It is a joint disease that is accompanied by inflammation of the synovium, the membrane that encloses the joint cavity. It is an autoimmune disease, meaning that the immune system begins to attack certain body structures. Rheumatoid arthritis causes excessive secretion of synovial fluid that will collect in the joint cavity and cause the swelling thereof. The joints mainly affected are the peripheral joints: hands feet shoulders, elbows, wrists and knees.
The affected joints cause intense pain, stiffness and swelling. Simple everyday actions, such as opening a door or write, can become restrictive and painful trials.
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The main difference between rheumatoid arthritis and osteoarthritis, primary rheumatic disease, is its origin. The inflammation in osteoarthritis is mainly due to mechanical wear. Conversely, it is the inflammation that will cause wear of the joint in rheumatoid arthritis.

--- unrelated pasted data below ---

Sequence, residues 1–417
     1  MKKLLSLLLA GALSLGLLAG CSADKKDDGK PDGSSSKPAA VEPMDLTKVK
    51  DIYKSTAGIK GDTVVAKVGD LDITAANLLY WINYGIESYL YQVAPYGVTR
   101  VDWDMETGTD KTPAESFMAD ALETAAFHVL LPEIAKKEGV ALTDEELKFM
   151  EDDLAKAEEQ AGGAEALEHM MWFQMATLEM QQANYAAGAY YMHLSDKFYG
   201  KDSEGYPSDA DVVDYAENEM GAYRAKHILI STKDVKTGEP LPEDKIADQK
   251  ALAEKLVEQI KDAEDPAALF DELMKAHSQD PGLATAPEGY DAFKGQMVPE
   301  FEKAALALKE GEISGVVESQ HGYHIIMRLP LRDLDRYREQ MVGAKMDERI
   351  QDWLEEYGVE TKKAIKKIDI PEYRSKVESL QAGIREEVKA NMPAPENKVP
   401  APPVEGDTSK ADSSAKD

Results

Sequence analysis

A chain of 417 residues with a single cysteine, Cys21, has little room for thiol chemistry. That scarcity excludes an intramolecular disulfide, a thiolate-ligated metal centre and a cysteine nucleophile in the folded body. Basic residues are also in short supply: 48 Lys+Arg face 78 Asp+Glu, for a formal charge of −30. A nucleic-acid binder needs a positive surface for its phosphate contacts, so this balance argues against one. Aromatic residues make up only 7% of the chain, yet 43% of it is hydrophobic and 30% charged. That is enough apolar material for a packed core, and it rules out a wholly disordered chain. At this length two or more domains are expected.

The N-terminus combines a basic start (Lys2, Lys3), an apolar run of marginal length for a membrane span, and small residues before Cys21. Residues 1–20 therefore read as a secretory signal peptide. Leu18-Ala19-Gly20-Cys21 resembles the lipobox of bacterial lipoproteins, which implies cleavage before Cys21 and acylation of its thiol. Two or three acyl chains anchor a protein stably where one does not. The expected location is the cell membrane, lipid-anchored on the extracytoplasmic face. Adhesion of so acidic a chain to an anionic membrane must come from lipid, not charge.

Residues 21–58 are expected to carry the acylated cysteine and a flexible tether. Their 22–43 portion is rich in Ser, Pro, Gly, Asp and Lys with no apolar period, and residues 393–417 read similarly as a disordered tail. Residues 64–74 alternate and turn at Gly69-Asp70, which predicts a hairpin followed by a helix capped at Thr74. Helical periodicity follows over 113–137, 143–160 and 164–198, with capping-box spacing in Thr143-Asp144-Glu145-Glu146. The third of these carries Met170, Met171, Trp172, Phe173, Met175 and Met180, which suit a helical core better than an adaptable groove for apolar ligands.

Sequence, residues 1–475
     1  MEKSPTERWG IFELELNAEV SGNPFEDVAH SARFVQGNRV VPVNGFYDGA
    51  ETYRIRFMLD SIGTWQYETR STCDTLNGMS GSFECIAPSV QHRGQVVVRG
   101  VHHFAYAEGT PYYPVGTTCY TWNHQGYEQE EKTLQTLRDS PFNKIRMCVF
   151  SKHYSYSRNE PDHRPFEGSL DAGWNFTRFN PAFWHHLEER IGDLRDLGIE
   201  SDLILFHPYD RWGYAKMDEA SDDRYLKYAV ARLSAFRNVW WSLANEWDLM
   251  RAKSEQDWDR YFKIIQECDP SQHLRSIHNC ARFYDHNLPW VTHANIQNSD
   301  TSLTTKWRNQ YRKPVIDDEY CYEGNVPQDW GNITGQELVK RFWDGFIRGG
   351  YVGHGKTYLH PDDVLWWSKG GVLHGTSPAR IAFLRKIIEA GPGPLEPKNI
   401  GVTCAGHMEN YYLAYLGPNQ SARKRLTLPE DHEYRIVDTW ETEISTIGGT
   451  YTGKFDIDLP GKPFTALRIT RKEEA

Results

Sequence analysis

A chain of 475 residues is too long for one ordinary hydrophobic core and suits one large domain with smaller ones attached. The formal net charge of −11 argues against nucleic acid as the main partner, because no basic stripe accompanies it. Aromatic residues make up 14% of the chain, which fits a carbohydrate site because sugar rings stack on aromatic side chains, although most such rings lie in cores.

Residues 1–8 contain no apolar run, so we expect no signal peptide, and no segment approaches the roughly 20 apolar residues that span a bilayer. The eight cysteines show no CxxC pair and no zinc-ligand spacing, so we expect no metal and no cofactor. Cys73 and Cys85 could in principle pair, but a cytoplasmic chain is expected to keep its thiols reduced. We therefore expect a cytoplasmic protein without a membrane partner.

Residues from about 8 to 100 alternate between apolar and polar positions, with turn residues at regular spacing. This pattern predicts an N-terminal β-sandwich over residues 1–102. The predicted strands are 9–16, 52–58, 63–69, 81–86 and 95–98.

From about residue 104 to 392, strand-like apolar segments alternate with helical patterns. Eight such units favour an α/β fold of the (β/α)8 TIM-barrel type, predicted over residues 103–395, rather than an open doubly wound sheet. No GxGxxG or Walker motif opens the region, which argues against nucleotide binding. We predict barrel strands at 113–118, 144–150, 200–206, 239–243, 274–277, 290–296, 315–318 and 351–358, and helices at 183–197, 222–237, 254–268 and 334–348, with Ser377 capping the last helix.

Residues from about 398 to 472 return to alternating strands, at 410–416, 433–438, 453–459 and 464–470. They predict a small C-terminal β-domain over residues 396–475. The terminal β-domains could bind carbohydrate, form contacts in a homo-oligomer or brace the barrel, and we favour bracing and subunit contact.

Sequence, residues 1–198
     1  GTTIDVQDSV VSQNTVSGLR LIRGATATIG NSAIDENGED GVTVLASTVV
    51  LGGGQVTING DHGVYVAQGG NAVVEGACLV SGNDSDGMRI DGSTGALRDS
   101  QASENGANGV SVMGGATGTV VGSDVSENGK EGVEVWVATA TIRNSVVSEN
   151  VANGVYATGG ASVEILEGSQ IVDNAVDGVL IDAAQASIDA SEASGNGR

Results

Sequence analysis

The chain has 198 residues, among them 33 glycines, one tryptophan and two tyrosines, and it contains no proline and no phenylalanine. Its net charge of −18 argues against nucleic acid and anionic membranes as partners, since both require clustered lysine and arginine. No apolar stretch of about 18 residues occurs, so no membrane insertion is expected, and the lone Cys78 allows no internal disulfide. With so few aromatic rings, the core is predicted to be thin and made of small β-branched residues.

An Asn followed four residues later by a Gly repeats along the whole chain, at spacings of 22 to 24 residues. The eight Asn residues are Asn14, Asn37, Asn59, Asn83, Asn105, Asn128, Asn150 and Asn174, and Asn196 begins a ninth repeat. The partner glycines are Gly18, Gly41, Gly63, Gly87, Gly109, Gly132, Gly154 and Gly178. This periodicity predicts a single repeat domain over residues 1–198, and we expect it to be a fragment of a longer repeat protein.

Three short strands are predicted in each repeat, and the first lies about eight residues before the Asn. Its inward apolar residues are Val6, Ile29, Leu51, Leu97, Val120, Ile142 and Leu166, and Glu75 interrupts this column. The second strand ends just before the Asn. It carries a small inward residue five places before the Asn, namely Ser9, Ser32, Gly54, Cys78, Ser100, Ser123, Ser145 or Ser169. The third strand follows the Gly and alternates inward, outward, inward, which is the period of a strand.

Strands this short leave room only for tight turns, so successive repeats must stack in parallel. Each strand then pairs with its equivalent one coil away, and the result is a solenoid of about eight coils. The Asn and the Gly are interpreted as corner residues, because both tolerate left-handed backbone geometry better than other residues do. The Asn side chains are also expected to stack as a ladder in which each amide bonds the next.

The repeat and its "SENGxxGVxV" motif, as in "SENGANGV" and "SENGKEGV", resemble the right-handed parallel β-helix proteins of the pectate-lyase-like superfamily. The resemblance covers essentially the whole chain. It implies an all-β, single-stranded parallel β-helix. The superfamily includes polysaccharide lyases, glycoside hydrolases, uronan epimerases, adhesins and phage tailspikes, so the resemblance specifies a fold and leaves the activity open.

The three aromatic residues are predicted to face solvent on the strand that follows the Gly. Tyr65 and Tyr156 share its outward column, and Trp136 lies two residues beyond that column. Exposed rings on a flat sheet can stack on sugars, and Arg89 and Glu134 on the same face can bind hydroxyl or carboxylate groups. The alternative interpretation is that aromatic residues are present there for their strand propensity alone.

The affected joints are also different. Osteoarthritis most commonly affects weight-bearing joints (knees, hips, etc.), when rheumatoid arthritis affects more regularly ends of limbs and hands and feet and it may have repercussions on structures other than the joints.
In addition, osteoarthritis is generally seen on the elderly, while the arthritis most often affects people between 40 and 60 years or young adults in rare cases.
You can find more information at the Rheumatoid Arthritis Forum.